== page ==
There’s a little jingle in your pocket, and you can’t wait to spend it.
So what will you buy? Will you purchase candy or a toy? Is there enough for a present for Mom or Grandma? Or after you read “M is for Money: An Economics Alphabet” by Debbie and Michael Shoulders, illustrated by Marty Kelley, and learn a little more, will you put the jingle in your bank?
Why do we even have money? The answer starts with farmers …
About 10,000 years ago, when humans decided to stay in one place and grow crops, someone eventually had an (A for) Abundance. In their little (C for) Civilization, then, they were able to trade crops for food and other items. Because it’s kind of hard to carry a bushel of grain in your pocket, money was created as a stand-in.
This all has to do with (E for) Economics, which is “the study of how we get things we want and need,” how bartering works, and how businesses operate. It’s “the way people obtain items that may be scarce or in-demand.”
Let’s say you have (G for) Goods and Services, like lemonade and brownies to sell. The kid next door is selling milk and cookies. You can lower your price to attract customers, but you’ll want (I for) Income from your lemonade and brownies, so you won’t want to sell too cheaply. On the other hand, you can raise prices if it’s a hot day, and people are hungry. The kid next door can do the same, if she wants — which is a basic definition of a (F for) Free Market.
So what do you do if you want more (M for) Money?
You can ask your family, friends and neighbors to pay you for special chores, which makes you a (P for) Producer. You can cut your (S for) Spending, and put your money away for interest, which you get when your bank makes a (L for) Loan to someone. You could try making something at home out of the (R for) Resources you already have, and you’ll have (Z for) Zero Profit Condition.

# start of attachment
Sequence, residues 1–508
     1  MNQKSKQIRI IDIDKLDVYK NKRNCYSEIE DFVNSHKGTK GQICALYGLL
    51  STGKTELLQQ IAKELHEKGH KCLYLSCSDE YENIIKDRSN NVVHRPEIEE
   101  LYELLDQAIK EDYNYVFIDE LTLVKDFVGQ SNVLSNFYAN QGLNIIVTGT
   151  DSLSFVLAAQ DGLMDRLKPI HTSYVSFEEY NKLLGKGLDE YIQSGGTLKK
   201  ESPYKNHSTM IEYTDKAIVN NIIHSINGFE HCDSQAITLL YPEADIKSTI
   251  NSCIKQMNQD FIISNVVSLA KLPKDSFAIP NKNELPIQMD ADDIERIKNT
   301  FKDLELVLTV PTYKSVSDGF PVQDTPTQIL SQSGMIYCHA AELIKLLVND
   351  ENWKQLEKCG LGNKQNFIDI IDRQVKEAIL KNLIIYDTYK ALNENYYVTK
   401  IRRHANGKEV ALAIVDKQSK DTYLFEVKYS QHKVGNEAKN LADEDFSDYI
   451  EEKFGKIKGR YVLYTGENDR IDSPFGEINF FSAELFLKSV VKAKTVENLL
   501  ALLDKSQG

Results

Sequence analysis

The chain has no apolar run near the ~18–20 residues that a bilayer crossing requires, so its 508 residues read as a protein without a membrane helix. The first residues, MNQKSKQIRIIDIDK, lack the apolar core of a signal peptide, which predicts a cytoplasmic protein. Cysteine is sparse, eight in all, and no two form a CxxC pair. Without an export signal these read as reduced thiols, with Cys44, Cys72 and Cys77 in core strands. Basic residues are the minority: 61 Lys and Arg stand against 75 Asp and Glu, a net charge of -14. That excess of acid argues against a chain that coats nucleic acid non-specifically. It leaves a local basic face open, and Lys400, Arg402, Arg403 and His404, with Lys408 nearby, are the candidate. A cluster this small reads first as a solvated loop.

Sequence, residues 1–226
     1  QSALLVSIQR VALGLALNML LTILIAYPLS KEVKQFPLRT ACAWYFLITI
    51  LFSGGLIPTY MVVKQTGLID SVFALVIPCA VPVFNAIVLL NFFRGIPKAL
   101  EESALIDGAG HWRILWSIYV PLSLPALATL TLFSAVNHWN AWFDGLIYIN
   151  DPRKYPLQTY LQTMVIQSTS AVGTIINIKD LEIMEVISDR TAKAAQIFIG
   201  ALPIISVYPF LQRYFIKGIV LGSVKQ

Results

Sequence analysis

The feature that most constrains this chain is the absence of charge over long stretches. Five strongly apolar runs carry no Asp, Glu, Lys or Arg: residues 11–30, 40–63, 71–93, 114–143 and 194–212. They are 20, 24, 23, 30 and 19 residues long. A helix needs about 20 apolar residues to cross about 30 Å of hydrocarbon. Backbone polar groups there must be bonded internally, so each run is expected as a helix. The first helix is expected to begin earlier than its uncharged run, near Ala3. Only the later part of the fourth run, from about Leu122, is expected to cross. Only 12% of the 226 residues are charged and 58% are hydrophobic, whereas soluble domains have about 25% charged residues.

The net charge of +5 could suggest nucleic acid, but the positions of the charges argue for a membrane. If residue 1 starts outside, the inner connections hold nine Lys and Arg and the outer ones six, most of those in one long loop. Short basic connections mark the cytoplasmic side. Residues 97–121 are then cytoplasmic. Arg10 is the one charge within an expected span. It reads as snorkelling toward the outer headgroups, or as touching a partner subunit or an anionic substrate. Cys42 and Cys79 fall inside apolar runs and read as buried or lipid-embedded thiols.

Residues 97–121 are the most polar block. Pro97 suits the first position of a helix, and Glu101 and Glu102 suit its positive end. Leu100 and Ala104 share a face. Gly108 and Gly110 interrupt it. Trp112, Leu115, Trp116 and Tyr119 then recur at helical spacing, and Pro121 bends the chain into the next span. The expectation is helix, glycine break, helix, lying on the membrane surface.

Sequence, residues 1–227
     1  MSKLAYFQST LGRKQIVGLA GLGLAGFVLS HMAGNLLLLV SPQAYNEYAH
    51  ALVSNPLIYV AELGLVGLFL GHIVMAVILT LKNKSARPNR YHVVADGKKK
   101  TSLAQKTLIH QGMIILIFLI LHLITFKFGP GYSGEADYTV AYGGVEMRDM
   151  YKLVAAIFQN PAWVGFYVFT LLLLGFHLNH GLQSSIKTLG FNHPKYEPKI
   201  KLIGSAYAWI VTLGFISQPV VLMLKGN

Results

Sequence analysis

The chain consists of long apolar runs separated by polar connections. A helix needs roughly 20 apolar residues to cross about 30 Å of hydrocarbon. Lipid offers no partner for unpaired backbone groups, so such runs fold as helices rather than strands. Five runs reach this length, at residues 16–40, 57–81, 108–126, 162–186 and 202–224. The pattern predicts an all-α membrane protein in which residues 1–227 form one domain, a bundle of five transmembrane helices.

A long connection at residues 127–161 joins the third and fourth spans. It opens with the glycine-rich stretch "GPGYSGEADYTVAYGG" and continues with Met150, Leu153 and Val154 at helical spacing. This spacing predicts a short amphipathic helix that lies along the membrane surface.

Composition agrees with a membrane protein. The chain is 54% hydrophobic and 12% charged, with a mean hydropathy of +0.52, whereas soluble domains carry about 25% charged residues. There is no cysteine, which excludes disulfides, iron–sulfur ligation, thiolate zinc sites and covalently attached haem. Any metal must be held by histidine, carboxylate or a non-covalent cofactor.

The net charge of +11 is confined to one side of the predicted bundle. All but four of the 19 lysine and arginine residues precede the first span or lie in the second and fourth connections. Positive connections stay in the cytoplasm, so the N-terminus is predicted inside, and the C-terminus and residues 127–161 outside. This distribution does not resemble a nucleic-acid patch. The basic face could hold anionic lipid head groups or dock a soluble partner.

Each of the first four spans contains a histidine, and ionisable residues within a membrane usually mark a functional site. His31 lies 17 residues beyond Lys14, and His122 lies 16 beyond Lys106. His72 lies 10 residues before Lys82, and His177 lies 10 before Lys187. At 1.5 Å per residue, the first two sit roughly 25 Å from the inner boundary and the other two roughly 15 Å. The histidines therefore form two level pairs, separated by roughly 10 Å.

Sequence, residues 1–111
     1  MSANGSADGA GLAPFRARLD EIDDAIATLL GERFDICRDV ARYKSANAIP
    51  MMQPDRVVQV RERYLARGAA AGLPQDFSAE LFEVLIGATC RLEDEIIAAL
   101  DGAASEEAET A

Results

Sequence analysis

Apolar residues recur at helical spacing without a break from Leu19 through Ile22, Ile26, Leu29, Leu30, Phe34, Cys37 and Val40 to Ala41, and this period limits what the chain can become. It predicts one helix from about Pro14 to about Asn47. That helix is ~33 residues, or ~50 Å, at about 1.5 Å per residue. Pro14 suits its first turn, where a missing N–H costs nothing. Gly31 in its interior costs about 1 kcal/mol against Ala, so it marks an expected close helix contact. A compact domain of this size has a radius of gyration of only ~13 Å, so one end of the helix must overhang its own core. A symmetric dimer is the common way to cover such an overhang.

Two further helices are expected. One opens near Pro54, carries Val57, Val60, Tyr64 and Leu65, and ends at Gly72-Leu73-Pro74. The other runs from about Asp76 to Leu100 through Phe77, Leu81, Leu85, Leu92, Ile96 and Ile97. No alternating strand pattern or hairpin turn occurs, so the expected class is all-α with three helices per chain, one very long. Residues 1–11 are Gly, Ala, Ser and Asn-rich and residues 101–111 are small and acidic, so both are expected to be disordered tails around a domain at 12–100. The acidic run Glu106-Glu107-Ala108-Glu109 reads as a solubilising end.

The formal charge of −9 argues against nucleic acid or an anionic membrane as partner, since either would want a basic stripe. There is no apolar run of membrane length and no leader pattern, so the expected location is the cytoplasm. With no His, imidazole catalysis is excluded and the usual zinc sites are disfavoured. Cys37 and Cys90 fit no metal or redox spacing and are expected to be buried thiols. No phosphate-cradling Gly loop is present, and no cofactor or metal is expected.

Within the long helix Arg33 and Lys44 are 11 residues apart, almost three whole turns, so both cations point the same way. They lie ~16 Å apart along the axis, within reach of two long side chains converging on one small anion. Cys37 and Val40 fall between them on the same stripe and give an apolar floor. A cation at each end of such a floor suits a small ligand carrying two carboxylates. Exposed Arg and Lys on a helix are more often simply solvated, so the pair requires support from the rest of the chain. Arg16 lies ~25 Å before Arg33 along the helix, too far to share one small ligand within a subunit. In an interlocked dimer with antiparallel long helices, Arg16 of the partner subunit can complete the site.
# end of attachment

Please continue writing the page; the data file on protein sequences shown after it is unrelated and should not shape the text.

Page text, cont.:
Or you could just ask for a bigger allowance. How easy is that?
As a parent, that’s a question you have: How easy should it be to explain economics to a child who knows what money is? The answer is inside “M is for Money.”
Starting at the earliest possible point, the authors give kids thorough lessons on supply and demand, housing markets, quotas, taxes and other facets of economics in a way they’ll understand — particularly if you’re around to help fill in the blanks they may still have. It might fill in the blanks that you have, too.
Though this book may seem like it’s meant for small children (and the illustrations support that), the concepts here could be quite advanced for them. No, “M is for Money” is best for 8- to 11-year-olds. Those are the kids who’ll want to spend time with it.
— View publishes Terri Schlichenmeyer’s reviews of books for children and teens weekly.About the book
“M is for Money: An Economics Alphabet” by Debbie and Michael Shoulders, illustrated by Marty Kelley
Sleeping Bear Press, c. 2015, 32 pages